With three quarters of the planet covered in water, kelp might be part of the solution. That theory is being tested off the coast of Catalina Island.
"I think we just made a major breakthrough. I think kelp as a biofuel source has been investigated for a while but how to grow it on a scale that is commercially relevant has been the missing piece," said Diane Y. Kim, associated director of special projects at the USC Wrigley Institute for Environmental Studies.
Beginning in 2019, Marine Bioenergy, Inc. and USC researchers began testing a concept: to farm kelp in the open ocean.
Kelp is one of nature's fastest-growing plants and it is considered perfect for making bioethanol, but it naturally grows in water bathed in sunlight, up to about 60 feet.
In the open ocean, water near the surface is nutrient-poor, but loaded with nutrients in deeper waters. Trying to take advantage of both was the inspiration for what's being called a "kelp elevator."
"We can protect the kelp, we can protect all the hardware and since we have to go down to the nutrients every night anyway, this is easy to do," said Brian Wilcox, co-founder of Marine Bioenergy, Inc.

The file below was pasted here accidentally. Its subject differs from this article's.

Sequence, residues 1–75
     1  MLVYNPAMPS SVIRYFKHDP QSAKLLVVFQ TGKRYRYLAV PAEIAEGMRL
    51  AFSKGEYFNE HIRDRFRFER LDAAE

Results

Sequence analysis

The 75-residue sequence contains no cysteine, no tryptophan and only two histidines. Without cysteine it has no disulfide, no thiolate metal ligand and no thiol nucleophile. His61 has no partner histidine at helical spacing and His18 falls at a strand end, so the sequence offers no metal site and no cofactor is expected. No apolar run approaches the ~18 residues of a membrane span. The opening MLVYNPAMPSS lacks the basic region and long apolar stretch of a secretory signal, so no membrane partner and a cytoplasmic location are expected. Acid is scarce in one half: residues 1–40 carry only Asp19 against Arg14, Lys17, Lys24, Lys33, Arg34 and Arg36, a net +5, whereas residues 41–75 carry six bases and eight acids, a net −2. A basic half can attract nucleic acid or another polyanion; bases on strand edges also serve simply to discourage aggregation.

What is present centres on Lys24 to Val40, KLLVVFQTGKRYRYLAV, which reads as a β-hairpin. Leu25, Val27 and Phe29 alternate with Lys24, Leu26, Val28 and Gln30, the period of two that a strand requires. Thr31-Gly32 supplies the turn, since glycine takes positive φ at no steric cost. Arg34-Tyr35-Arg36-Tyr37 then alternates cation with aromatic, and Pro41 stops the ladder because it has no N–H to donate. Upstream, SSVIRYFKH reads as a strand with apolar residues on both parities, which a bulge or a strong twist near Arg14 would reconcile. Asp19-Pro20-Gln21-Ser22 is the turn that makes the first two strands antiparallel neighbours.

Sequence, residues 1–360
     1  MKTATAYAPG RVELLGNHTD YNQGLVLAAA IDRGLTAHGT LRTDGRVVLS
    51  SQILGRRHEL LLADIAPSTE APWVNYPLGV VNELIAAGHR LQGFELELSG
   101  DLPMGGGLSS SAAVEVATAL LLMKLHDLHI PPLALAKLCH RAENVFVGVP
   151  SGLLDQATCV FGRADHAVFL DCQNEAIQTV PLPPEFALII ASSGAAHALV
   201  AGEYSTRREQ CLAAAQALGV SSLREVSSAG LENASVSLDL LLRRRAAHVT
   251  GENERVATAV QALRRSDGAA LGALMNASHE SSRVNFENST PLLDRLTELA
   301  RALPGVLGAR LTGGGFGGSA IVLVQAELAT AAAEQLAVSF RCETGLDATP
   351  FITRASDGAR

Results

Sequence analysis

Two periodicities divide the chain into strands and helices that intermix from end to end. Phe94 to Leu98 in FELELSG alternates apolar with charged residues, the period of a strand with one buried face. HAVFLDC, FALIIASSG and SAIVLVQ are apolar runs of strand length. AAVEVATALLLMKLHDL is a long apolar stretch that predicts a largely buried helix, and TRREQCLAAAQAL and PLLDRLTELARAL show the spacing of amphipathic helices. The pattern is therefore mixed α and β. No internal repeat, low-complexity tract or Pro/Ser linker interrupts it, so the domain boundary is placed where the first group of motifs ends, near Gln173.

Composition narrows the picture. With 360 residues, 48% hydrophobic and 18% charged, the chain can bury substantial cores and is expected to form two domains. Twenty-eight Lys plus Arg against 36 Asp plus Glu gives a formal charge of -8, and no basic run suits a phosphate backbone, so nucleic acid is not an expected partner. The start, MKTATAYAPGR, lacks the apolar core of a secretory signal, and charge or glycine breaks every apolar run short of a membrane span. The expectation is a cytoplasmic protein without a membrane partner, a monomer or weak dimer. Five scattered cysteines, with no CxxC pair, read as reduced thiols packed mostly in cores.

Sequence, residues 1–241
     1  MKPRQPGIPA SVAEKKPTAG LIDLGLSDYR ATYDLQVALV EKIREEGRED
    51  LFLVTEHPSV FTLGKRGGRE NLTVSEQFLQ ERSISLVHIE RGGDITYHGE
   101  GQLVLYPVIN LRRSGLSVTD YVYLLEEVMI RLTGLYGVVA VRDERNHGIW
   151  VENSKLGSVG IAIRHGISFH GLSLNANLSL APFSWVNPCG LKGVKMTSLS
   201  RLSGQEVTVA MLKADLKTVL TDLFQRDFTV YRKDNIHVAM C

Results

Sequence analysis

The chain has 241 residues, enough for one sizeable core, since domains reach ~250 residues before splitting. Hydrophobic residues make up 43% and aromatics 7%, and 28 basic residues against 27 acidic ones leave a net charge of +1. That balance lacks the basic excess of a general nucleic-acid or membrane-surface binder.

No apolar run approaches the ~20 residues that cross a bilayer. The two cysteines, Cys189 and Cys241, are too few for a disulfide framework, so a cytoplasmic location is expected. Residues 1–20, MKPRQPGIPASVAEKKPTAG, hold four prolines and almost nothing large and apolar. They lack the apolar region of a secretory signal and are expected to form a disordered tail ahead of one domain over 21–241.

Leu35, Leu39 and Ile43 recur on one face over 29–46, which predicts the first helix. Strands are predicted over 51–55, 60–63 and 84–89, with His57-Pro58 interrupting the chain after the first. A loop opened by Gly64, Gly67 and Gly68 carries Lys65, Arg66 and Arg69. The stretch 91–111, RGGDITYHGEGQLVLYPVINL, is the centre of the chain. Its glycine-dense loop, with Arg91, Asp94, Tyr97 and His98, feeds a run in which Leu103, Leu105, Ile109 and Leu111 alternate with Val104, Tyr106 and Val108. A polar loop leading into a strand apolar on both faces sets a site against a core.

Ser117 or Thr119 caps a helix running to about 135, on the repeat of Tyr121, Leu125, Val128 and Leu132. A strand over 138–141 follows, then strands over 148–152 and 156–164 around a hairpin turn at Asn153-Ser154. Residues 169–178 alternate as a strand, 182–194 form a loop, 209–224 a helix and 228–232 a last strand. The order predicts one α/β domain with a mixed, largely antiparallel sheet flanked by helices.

A test buoy and a winch were placed off the coast of Catalina Island. USC biologists attached kelp to an underwater boom, that for 104 days surfaced the kelp during the day to absorb sunlight and at night, dragged the kelp over 260 feet deep into nutrient-rich waters.
In a study in February of 2019, researchers found that only did the kelp survive the lower depths, but once it returned to the surface, it grew four times faster than kelp grown naturally.
"Some people were sure it would work, some people were sure it wouldn't work. I was more on the fence where I just had no idea what would happen, so when we started to get the first pictures of the kelp growing on there, it was just... 'yeah, this is amazing, it's really growing!'," said research associate Ignacio Navarrete.
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A plan is in development to build a pilot-scale ocean farm, which would be dept-cycled using solar-powered drone submarines and then harvested four times a year, without requiring land, fresh water, artificial fertilizers or pesticides.
That means millions of tons of biomass to replace liquid fossil fuel could be created at competitive prices.
"Our farms are going to be really close to the coast , but to the degree that all the nutrients flood all over the ocean, we help absorb some of those nutrients. That's beneficial because sometimes it's just too many artificial nutrients dumped into the ocean through runoff from agriculture and so on," said Cindy Wilcox, co-founder of Marine Bioenergy, Inc.
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